Molecular Biology Reports | Year: 2014

MicroRNAs (miRNAs) are tiny non-coding regulatory molecules that modulate plant's gene expression either by cleaving or repressing their mRNA targets. To unravel the plant actions in response to various environmental factors, identification of stress related miRNAs is essential. For understanding the regulatory behaviour of various abiotic stresses and miRNAs in wheat genotype C-306, we examined expression profile of selected conserved miRNAs viz. miR159, miR164, miR168, miR172, miR393, miR397, miR529 and miR1029 tangled in adapting osmotic, salt and cold stresses. The investigation revealed that two miRNAs (miR168, miR397) were down-regulated and miR172 was up-regulated under all the stress conditions. However, miR164 and miR1029 were up-regulated under cold and osmotic stresses in contrast to salt stress. miR529 responded to cold alone and does not change under osmotic and salt stress. miR393 showed up-regulation under osmotic and salt, and down-regulation under cold stress indicating auxin based differential cold response. Variation in expression level of studied miRNAs in presence of target genes delivers a likely elucidation of miRNAs based abiotic stress regulation. In addition, we reported new stress induced miRNAs Ta-miR855 using computational approach. Results revealed first documentation that miR855 is regulated by salinity stress in wheat. These findings indicate that diverse miRNAs were responsive to osmotic, salt and cold stress and could function in wheat response to abiotic stresses. © 2014 Springer Science+Business Media. Source

Choudhary A.K.,Indian Institute of Pulses Research
Indian Journal of Agricultural Sciences | Year: 2010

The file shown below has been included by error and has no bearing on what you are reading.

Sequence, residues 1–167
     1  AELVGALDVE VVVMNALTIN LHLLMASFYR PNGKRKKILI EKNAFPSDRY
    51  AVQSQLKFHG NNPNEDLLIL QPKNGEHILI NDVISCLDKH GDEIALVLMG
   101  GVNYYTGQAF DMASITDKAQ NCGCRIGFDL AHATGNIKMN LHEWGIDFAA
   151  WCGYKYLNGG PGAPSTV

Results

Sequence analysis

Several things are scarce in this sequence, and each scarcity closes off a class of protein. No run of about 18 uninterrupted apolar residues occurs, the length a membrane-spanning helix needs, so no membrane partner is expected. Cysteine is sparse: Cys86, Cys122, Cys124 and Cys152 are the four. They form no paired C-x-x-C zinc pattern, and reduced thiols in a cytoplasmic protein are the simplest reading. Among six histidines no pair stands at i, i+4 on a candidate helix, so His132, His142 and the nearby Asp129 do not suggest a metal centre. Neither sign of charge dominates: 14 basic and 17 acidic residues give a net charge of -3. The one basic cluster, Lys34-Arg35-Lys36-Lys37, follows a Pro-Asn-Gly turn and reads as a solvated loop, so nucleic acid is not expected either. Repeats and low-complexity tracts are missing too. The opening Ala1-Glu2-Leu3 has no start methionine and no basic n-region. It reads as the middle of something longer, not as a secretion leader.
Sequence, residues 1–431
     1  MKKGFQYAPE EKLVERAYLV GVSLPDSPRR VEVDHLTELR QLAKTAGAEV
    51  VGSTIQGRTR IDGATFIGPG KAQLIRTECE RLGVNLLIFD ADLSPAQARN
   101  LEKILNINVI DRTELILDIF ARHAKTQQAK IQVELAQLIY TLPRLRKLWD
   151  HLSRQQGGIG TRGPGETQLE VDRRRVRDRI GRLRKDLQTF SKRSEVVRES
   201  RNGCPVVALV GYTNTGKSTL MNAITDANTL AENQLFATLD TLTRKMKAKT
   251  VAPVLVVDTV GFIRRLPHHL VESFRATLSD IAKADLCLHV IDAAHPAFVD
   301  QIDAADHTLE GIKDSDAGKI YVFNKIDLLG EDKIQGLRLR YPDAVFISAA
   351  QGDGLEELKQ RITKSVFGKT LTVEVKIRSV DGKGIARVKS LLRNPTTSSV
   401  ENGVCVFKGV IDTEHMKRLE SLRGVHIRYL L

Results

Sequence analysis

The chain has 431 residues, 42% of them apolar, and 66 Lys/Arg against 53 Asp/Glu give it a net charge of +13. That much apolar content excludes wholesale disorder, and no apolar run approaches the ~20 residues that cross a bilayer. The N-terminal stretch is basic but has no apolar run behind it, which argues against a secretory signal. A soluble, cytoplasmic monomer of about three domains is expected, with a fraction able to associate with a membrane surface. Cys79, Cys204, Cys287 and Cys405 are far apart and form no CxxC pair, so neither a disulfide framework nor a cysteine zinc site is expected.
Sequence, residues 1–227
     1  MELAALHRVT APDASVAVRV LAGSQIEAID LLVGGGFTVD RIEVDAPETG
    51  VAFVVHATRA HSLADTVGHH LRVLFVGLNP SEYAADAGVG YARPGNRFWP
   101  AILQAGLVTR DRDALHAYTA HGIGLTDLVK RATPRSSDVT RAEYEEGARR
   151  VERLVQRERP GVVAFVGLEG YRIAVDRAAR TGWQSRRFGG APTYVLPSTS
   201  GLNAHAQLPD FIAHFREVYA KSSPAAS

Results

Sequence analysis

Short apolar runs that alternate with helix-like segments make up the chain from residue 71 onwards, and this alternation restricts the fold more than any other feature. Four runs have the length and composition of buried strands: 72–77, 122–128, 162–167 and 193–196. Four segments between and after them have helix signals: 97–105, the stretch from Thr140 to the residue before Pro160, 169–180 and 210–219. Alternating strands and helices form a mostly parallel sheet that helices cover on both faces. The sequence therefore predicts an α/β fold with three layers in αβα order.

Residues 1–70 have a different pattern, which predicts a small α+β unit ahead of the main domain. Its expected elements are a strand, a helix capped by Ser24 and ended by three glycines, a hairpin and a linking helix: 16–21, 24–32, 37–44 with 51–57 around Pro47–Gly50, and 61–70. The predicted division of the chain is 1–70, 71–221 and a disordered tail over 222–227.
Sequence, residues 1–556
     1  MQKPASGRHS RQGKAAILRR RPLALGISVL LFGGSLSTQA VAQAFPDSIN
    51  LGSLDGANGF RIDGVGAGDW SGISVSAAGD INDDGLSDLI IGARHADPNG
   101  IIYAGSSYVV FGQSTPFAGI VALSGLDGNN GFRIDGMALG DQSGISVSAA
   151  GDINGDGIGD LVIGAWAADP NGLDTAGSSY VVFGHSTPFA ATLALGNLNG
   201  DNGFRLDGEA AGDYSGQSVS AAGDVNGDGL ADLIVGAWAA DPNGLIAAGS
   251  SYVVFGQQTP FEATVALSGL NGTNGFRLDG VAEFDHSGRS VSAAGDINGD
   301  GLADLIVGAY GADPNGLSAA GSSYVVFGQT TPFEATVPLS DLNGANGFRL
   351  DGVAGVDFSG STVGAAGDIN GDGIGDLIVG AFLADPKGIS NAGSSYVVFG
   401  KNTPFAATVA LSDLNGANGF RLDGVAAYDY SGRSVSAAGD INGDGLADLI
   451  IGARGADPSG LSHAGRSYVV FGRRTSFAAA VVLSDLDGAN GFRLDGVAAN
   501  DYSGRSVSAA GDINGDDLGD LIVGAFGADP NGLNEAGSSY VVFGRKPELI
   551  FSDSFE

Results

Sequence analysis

Pigeonpea is the second important grain legume of India. In north-east plains, long-duration pigeonpea is grown almost exclusiely as an intercrop with other tall cereals. Development of wilt-resistant lines is the major objective to ensure stability in pigeonpea production and productivity. One genotype 'IPA 204' of long-duration pigeonpea was developed following pedigree method. This high-yielding line showed resistant to moderately resistant wilt reaction at 24 locations spread across arious pigeonpea-growing regions of the country. Therefore. it could be considered resistant to all the reported 5 strains of F. udurn. Keeping its stability of resistance for the last 4 years, it was recommended as the potential donor for wilt resistance in the Annual Group Meet on Pigeonpea (2009). Source

Agbagwa I.O.,Indian Institute of Pulses Research
Genetics and molecular research : GMR | Year: 2012

Current DNA extraction protocols, which require liquid nitrogen, lyophilization and considerable infrastructure in terms of instrumentation, often impede the application of biotechnological tools in less researched crops in laboratories in developing countries. We modified and optimized the existing CTAB method for plant genomic DNA extraction by avoiding liquid nitrogen usage and lyophilization. DNA was extracted directly from freshly harvested leaves ground in pre-heated CTAB buffer. Chloroform:isoamyl alcohol (24:1) and RNase treatments followed by single-purification step decontaminated the samples thereby paving way for selective extraction of DNA. High molecular weight DNA yield in the range of 328 to 4776 ng/μL with an average of 1459 ng/μL was obtained from 45 samples of cultivated and wild Cajanus species. With an absorbance ratio at 260 to 280 nm, a range of 1.66 to 2.20, and a mean of 1.85, very low levels of protein and polysaccharide contamination were recorded. Forty samples can be extracted daily at a cost between 1.8 and US$2.0 per plant sample. This modified method is suitable for most plants especially members of the Leguminosae. Apart from Cajanus, it has been extensively applied in DNA extraction from Cicer and Vigna species. Source